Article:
Mac Pro vs. PowerMac G5

As the world around waited for the unveiling of a brand new chassis that would tempt PC users everywhere, Apple introduced the Mac Pro in none other than the same chassis we've seen for years with the PowerMac G5.  The internals are totally revamped, but the outside looks pretty much unchanged. 

There are now two optical drive bays in the system as you can see by this comparison shot:


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You get twice as many peripheral ports on the front with two USB 2.0, one 400Mbps and one 800Mbps FireWire port:

PowerMac G5 Front Panel
Mac Pro Front Panel

 

The rear port configuration also gets an overhaul with an extra USB 2.0 port and two Gigabit Ethernet jacks (the PCIe based PowerMac G5s already had the dual GigE jacks):

PowerMac G5 Rear Panel
Mac Pro Rear Panel

 

The previous PowerMac G5 design was in dire need of additional USB 2.0 ports, and the Mac Pro addresses that need.  Of course the Apple keyboard that ships with the system gives you another two USB 2.0 ports, but they are unpowered making them useless for pretty much everything but a mouse.  Apple's Cinema Displays also feature built in hubs (USB 2.0 and FireWire) to help give you more places to plug in. 


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Index Inside the Mac Pro
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  • tmohajir - Thursday, August 17, 2006 - link

    I had the same question. I was debating whether to by 2 x 512MB or 1GB, and then thought it might affect performance if I went with the 1GB sticks. I think for now the best bet would be to buy 2 512s so that each branch has a channel with the same amount of memory. Then if I want to upgrade later, move all 4 512s to riser 1, and buy 2 1GB dimms when the price drops a little more and stick them in riser 2. So that way you still have 2GB total per branch. Reply
  • dborod - Thursday, August 17, 2006 - link

    I decided to order my MacPro with 4 x 512 MB dimms so as to be able to fully utilize the available memory bandwidth. It seemed the easiest and safest approach for now. Reply
  • dborod - Thursday, August 17, 2006 - link

    I decided to order my MacPro with 4 x 512 MB dimms so as to be able to fully utilize the available memory bandwidth. It seemed the easiest and sa Reply
  • Questar - Wednesday, August 16, 2006 - link

    Why use MP3 encoding for performace testing in a multi cpu environment? MP3 encoding is not very threadable, and most likely is not threaded to any great extent in iTunes. Reply
  • Griswold - Thursday, August 17, 2006 - link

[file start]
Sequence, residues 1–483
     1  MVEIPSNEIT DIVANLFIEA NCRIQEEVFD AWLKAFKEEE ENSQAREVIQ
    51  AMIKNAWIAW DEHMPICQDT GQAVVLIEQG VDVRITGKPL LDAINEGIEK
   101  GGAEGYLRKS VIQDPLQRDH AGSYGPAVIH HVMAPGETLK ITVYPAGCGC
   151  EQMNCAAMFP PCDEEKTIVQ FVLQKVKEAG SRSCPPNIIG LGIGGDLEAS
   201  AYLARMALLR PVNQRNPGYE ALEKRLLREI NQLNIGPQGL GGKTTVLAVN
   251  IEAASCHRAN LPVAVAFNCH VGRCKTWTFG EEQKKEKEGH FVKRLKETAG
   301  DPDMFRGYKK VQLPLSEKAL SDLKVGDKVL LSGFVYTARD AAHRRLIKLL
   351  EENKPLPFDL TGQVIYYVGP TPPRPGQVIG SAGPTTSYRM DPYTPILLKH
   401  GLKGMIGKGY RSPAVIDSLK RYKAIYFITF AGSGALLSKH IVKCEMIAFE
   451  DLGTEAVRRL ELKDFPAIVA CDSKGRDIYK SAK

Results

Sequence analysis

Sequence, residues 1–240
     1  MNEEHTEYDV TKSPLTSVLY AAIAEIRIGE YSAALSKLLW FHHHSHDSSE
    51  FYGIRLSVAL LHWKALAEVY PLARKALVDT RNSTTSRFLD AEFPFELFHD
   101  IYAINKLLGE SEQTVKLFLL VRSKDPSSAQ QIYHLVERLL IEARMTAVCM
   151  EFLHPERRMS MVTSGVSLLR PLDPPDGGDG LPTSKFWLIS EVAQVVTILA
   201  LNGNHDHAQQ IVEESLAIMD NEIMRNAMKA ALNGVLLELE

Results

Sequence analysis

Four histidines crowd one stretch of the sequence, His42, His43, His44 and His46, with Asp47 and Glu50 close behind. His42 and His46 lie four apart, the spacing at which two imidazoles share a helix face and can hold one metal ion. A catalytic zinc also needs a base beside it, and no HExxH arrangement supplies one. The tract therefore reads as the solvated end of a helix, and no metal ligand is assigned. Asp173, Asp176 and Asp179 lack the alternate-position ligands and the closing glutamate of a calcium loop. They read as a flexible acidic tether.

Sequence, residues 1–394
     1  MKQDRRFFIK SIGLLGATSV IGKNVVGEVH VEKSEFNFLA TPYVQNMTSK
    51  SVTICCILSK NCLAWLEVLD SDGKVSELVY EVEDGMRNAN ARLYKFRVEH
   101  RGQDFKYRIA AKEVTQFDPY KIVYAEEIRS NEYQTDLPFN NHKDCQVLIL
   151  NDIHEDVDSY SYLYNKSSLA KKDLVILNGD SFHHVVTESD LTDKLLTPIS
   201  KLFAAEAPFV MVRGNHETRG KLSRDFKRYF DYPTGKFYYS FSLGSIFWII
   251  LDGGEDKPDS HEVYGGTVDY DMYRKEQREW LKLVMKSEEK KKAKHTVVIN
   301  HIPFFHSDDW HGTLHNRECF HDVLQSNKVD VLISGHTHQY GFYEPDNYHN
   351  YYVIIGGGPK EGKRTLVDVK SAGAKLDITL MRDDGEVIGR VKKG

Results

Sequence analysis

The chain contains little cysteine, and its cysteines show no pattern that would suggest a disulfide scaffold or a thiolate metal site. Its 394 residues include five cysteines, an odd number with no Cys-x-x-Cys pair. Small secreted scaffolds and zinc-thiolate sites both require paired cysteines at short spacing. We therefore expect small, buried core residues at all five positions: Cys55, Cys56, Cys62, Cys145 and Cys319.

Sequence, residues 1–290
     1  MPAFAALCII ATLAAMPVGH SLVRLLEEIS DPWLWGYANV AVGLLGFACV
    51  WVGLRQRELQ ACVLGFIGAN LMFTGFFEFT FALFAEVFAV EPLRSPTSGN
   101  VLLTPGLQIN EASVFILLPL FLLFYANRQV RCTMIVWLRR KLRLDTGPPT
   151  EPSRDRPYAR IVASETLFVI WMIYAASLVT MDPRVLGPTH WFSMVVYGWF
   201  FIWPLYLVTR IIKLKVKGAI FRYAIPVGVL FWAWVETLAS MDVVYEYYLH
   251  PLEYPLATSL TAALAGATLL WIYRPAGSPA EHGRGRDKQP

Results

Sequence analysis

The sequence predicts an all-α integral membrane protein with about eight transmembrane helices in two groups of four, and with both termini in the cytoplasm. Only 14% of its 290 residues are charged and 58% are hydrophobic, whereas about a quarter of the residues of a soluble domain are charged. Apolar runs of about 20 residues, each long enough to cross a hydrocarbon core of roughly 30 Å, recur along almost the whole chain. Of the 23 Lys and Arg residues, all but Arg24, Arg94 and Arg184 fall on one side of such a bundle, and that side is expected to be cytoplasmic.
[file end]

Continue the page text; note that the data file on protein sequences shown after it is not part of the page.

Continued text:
Somebody obviously has never used the multithreaded encoder of the LAME MT project. I see gains of up to 50% with that. Sure, that may not be relevant for a mac pro user, but it is proof that MP3 encoding benefits from SMT. Reply
  • Questar - Thursday, August 17, 2006 - link

    Griswald stikes again.

    Yes I've heard of LAMEMT. So how's that sound quality you're getting without a bit resevoir? Pretty crappy I'll bet.
    Reply
  • Griswold - Friday, August 18, 2006 - link

    Oh give me a break nutsack. Dont pretend you know what you're talking about here, as it doesnt match your first (false) post - you obviously never used LameMT. Disabling bit reservoir may come with a certain loss of quality, but its not nearly as much as you (or the poster above) want it to make to be. I'm willing to bet 95% of the people using mp3 wont notice the difference.

    I'm listening to the same song encoded with standard Lame and LameMT and the quality is virtually the same. Of course, you'll now say your ears are so much better, you got so much better audio equipment and what not.. but meh, it's just questdork talking.
    Reply
  • michael2k - Saturday, August 19, 2006 - link

    The same 95% of the population who purchase tracks from the iTMS I bet :) Reply
  • Questar - Friday, August 18, 2006 - link

    Thanks for the best laugh I've had all week!
    I really needed it!!
    Reply
  • saratoga - Thursday, August 17, 2006 - link

    quote:

    Somebody obviously has never used the multithreaded encoder of the LAME MT project. I see gains of up to 50% with that.


    Yeah but you also lose quality, so very few people use it.

    quote:

    Sure, that may not be relevant for a mac pro user, but it is proof that MP3 encoding benefits from SMT.


    Not exactly. LAMEMT is only multithreaded when you use parts of the MP3 standard that can be multithreaded. Typical MP3 encoding as done by lame, itunes, xing, etc simply can not be multithreaded. LAMEMT can be multithreaded because it disables certain features that are incompatable and then implements software pipelining.

    The LAME devs have talked about trying to work around this problem in the past, but so far most people seem to think its just not worth the effort because the speed up is much worse then just running two copies of LAME (which gives a 100% speedup verses the 50% you saw), and of course the unresolved questions about just how badly quality would be hurt by rewriting LAME profiles from scratch to use the approach in LAMEMT.
    Reply

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